San Jose lawmakers at the city and council level approved a “hybrid” plan to distribute millions of rent relief funds with local and state distribution strategies. Advocates, including Destination: Home, say the implementation model prioritizes equity and will ensure these critical resources reach the households most in need. Approximately 43,000 Santa Clara County families are at risk of eviction, and more than 65% of clients in the county’s existing emergency relief programs are extremely low-income.
Fresno unveiled on February 17 a refurbished motel of about 80 rooms, the latest in the city’s efforts to house individuals who are homeless in former rundown motels. The newest motel is the fourth to be acquired and converted into emergency housing. The city of Fresno contributed $6.8 million and the Fresno Housing Authority provided $24 million to buy the four motels and operate them for the next five years.
The Sacramento City Council on February 16 approved a $31.7 million rental assistance program. More than half of the money came from the state of California, and $15 million came directly to Sacramento from the U.S. Department of Treasury. Applications are scheduled to open on February 25.
A “no-freeze” shelter in Danielson has been able to accommodate the number of clients who seek shelter, but the prospect of the federal eviction moratorium ending has shelter providers concerned about a potential surge of newly-homeless residents.
The Atlanta Journal-Constitution reported that six hours after DeKalb County opened applications for its new $21 million emergency rental assistance program on February 12, more than 2,000 individuals had already applied. The county also received 17,000 website visits, 3,7000 emails, and 350 calls related to the program. A group of court officials, Atlanta Legal Aid, the DeKalb County Marshal’s Office, Goodwill of North Georgia, and mediators from the Dispute Resolution Center are part of a coalition helping administer the relief program.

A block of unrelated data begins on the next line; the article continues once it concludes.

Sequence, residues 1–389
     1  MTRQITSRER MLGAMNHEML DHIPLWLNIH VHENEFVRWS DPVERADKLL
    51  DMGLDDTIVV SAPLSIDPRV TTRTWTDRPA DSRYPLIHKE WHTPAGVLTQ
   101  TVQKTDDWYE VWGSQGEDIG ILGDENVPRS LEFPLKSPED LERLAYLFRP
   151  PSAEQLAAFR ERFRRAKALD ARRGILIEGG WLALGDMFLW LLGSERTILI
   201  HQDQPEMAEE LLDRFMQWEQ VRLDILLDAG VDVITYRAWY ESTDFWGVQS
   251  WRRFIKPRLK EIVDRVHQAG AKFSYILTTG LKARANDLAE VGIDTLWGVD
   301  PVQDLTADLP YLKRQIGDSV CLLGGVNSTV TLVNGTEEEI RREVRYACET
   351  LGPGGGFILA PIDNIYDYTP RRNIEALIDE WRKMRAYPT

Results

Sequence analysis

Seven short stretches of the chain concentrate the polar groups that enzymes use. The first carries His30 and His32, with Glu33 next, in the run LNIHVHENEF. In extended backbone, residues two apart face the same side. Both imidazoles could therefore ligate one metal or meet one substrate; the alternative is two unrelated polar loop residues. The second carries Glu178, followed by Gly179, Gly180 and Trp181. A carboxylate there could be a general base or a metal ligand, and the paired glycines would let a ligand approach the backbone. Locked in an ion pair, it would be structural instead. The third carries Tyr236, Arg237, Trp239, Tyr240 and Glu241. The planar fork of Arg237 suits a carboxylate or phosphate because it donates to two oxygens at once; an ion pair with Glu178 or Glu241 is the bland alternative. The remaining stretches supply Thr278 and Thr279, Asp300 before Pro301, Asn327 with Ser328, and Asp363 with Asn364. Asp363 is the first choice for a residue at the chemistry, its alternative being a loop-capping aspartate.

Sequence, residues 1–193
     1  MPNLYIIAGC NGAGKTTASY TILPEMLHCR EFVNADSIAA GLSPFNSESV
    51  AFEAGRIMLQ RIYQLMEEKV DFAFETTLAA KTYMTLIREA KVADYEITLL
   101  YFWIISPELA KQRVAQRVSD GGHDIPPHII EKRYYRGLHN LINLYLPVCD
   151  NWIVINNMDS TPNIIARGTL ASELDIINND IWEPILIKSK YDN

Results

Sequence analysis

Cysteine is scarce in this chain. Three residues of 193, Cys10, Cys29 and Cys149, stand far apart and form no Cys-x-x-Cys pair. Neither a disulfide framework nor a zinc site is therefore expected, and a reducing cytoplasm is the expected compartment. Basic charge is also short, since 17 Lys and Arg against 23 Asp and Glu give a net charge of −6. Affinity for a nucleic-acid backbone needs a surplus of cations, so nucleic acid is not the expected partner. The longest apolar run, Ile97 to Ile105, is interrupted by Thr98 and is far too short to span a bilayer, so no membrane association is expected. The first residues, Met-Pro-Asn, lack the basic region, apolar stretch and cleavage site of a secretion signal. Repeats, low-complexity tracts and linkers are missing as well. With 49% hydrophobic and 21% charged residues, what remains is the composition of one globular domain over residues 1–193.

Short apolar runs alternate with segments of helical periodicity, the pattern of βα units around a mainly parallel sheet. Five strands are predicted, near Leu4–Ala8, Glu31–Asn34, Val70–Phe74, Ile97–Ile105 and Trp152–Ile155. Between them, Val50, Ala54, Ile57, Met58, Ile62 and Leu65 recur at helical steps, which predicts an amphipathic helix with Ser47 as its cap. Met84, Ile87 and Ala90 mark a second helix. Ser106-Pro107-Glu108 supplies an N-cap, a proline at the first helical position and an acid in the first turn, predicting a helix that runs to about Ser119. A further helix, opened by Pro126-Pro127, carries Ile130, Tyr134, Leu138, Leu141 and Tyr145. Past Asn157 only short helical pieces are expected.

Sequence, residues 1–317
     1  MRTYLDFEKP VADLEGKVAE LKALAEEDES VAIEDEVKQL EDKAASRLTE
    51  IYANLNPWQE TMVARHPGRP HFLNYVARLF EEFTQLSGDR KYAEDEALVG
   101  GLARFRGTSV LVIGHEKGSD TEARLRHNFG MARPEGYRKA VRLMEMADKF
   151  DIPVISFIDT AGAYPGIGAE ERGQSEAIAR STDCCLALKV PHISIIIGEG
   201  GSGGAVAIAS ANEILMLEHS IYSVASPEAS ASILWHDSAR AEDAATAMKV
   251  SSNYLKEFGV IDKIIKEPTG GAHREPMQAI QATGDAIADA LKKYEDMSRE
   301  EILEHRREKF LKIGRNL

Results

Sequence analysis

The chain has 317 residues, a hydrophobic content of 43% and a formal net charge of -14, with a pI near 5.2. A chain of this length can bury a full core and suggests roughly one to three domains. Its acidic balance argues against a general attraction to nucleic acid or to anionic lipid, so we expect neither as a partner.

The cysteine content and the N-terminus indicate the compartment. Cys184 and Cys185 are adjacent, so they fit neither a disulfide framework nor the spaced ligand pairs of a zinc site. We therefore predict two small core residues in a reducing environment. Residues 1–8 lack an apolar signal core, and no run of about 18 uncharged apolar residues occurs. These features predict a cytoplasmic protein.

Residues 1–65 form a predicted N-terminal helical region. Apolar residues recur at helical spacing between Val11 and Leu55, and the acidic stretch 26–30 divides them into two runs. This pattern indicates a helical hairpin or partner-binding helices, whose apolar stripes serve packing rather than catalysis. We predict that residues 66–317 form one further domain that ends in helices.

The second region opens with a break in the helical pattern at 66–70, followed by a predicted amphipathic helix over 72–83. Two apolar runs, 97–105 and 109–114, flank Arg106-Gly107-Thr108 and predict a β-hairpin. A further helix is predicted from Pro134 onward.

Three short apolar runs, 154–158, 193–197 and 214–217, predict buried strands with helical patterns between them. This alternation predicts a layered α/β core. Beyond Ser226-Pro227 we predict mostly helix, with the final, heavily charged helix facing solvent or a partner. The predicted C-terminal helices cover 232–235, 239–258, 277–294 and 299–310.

The Augusta Chronicle reports that thousands of Augusta families have fallen through the cracks of the federal eviction moratorium. The Richmond County Marshal’s Office served 2,357 households with eviction papers during 2020 in every month except April. Augusta-Richmond County Commissioners recently approved over $6 million in federal rental and utility assistance.
The lack of affordable housing in the Treasure Valley is making it harder for people seeking permanent housing amid the ongoing pandemic and economic fallout. About 34,000 Idahoans are at risk for eviction or homelessness.
An op-ed in the Chicago Tribune discusses why the Just Cause for Eviction ordinance should be part of Chicago’s housing policy solution to prevent the looming eviction crisis. The ordinance, backed by the Chicago Housing Justice League and supported by more than 64 community organizations, would end no-fault evictions and require landlords to pay relocation assistance to renters who are evicted for non-tenant-related reasons.
Clinton County supervisors unanimously approved authorizing their emergency management coordinator to request approval for FEMA’s non-congregate sheltering program. Other counties in the region have successfully received approval for reimbursement from FEMA for non-congregate sheltering costs.
Burlington’s Transitions has housed about a dozen people since opening its doors as a warming center on February 4. The shelter is not yet able to house residents for extended periods, but it will eventually house up to 13 people. Transitions has been using ESG-CV funds to house would-be residents in hotel rooms and apartments.
An annual street count in Cedar Rapids on January 27 found a record number of people sleeping outside. The destructive derecho, pandemic, and the lack of affordable housing likely have contributed to this increase.
The Kansas Housing Resources Corporation and the City of Wichita announced the state’s $200 million rental and utility assistance program. Wichita residents can apply for assistance through the Wichita Emergency Rental Assistance Program. Kansans living outside the Wichita city limits can apply through the Kansas Emergency Rental Assistance program.
Over 900 evictions have been filed in Louisville so far this year. Landlords are finding loopholes to evade the CDC eviction moratorium, and many tenants are unaware of local resources and struggling with virtual court hearings. Governor Andy Beshear announced the relaunch of the Health at Home Eviction Relief Fund, which will provide an additional $297 million in housing assistance.
Despite current federal and state eviction protections, families across Boston and Massachusetts are being forced from their homes as a result of no-fault evictions. City Life/Vida Urbana held a rally outside of a property to protest the “no-fault” evictions of two residents.